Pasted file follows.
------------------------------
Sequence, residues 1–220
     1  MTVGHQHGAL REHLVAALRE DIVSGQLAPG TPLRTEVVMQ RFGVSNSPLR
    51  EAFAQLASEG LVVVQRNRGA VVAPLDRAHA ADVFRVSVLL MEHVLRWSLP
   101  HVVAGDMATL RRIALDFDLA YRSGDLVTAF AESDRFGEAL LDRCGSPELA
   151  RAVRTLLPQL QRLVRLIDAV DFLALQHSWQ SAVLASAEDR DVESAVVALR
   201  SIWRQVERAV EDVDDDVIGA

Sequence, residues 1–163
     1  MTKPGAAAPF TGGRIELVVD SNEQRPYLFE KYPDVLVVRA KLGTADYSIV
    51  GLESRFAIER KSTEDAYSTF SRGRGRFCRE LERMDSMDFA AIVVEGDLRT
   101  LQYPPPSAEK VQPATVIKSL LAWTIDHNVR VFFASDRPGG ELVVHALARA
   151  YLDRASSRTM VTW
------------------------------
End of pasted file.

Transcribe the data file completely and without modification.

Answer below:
Sequence, residues 1–220
     1  MTVGHQHGAL REHLVAALRE DIVSGQLAPG TPLRTEVVMQ RFGVSNSPLR
    51  EAFAQLASEG LVVVQRNRGA VVAPLDRAHA ADVFRVSVLL MEHVLRWSLP
   101  HVVAGDMATL RRIALDFDLA YRSGDLVTAF AESDRFGEAL LDRCGSPELA
   151  RAVRTLLPQL QRLVRLIDAV DFLALQHSWQ SAVLASAEDR DVESAVVALR
   201  SIWRQVERAV EDVDDDVIGA

Sequence, residues 1–163
     1  MTKPGAAAPF TGGRIELVVD SNEQRPYLFE KYPDVLVVRA KLGTADYSIV
    51  GLESRFAIER KSTEDAYSTF SRGRGRFCRE LERMDSMDFA AIVVEGDLRT
   101  LQYPPPSAEK VQPATVIKSL LAWTIDHNVR VFFASDRPGG ELVVHALARA
   151  YLDRASSRTM VTW